US job growth slowed sharply last month, raising questions about whether the Federal Reserve will pursue a more aggressive approach to scale back its stimulus package.
Employers in the world’s largest economy added just 210,000 jobs for the month, down sharply from the 546,000 jobs created in October and well below economists’ forecast of 550,000. annual earnings averaged 555,000.
Despite the slower-than-expected recovery in November, the unemployment rate fell significantly, falling 0.4 percentage points to 4.2%. Less than six months ago, it was approaching 6 percent.
Data released Friday by the Bureau of Labor Statistics also showed a modest improvement in the number of people employed or looking for work.
The so-called participation rate, which has stagnated since June 2020, climbed to 61.8% in November from 61.6% in October, but is still around 1.5 percentage points below the previous threshold. the pandemic.
Childcare issues and Covid concerns are among the most frequently cited reasons for preventing people from returning to the workforce – a dynamic that could be exacerbated by the recent emergence of the novel variant of the coronavirus Omicron.
Loretta Mester, Chairman of the Federal Reserve in Cleveland, warned of the risk in an interview with the Financial Times on Thursday. Jay Powell, president of the US central bank, also alluded to it during two days of testimony in Congress earlier this week, noting that another wave of Covid-19 could hamper progress in the labor market and worsen supply chain disruptions.
This could mean weaker job gains, a slowdown in economic activity and even greater uncertainty about inflation, which is at the fastest pace in 30 years, he said.
Employers have already had to raise wages in order to attract workers amid acute labor shortages, and the average hourly wage rose again in November.
Wages rose another 0.3 percent month-over-month, bringing the annual pace of wage growth to 4.8 percent.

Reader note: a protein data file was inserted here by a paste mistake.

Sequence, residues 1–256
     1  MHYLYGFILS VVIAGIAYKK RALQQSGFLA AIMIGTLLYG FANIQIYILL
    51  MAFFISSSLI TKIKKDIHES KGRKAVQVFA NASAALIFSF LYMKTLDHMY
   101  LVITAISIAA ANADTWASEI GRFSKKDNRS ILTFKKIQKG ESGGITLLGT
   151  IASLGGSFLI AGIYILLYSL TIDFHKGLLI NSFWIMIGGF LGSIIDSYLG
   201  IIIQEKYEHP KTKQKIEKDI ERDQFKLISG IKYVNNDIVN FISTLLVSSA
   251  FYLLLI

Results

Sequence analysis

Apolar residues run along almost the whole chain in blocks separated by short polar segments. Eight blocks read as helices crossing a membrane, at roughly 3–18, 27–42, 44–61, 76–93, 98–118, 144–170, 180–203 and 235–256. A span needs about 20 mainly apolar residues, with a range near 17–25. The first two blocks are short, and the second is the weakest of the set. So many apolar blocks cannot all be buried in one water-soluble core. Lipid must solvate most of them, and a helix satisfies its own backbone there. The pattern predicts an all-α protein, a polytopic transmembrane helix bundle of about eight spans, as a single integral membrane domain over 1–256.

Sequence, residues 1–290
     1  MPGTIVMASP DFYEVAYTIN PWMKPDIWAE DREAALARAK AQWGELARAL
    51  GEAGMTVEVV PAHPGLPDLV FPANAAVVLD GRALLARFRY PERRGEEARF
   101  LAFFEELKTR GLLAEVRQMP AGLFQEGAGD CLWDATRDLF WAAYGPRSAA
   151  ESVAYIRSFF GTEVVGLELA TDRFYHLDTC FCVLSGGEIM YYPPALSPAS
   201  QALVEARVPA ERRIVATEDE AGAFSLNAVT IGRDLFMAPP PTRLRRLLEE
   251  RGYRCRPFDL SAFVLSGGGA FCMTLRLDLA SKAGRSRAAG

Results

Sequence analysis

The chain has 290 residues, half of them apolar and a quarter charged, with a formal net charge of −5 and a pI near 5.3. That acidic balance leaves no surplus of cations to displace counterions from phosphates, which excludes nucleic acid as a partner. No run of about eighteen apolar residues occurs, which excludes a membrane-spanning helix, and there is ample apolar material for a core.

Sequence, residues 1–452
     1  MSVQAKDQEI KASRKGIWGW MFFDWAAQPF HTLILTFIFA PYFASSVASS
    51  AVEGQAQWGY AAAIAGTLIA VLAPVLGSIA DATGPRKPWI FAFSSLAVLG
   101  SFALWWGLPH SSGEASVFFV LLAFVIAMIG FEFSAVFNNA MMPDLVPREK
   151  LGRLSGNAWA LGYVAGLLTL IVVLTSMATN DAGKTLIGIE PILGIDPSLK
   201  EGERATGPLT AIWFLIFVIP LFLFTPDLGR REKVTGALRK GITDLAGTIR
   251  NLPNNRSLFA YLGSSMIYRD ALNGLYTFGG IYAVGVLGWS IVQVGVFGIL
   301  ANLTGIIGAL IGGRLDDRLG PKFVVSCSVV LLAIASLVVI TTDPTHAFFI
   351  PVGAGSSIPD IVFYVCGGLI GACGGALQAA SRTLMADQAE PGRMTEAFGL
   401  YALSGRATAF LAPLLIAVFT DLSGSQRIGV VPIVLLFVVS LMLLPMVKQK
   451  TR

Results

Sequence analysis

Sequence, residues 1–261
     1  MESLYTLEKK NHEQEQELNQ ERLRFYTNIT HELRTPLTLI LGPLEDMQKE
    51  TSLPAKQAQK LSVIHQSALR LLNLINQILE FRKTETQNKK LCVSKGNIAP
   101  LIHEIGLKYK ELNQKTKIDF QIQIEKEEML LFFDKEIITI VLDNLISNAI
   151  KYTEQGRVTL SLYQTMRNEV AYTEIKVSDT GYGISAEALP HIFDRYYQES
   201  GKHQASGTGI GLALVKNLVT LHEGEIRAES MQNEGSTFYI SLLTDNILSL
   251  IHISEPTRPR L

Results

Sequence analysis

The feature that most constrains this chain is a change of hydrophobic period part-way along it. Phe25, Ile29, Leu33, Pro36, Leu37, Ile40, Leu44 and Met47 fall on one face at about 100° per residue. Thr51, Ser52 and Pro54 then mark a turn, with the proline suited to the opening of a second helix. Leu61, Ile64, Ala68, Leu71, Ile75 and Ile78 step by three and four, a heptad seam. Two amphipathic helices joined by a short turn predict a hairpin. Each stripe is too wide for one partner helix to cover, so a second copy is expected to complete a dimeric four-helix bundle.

The BLS noted “notable” gains in a number of industries, including 90,000 added jobs in professional and business services, 50,000 in transportation and warehousing and 62,000 in construction and manufacturing.
Employment in retail trade fell by 20,000, while employment in leisure and hospitality remained stable. Employment in this sector remains down 1.3 million since before the pandemic. Mining, commerce, and public and private education have changed little.
The latest jobs report, which showed 3.9 million more Americans are still out of work than before the pandemic, came just days after Powell made it clear that the central bank was taking a more stance. aggressive in tackling inflation, which he admitted had spread throughout the economy in recent months and raised the specter of a much more persistent problem.
Powell signaled this week that he could support the acceleration of the central bank’s withdrawal from its massive stimulus package – a process he began just weeks ago at a pace that would end the purchase. of bonds in June.
A faster exit, for which many Fed officials have expressed public support this week, is likely to mean earlier-than-expected interest rate hikes, a possibility that has rocked financial markets and prompted economists to increase their prices. betting for a rate hike next year.
Some Wall Street analysts are now expecting three interest rate hikes next year, with the first adjustment coming in May.
The market reaction to the jobs report has been muted – with US government bonds on most maturities selling modestly, indicating investor belief that weaker-than-expected gains will not change the Fed’s price too much.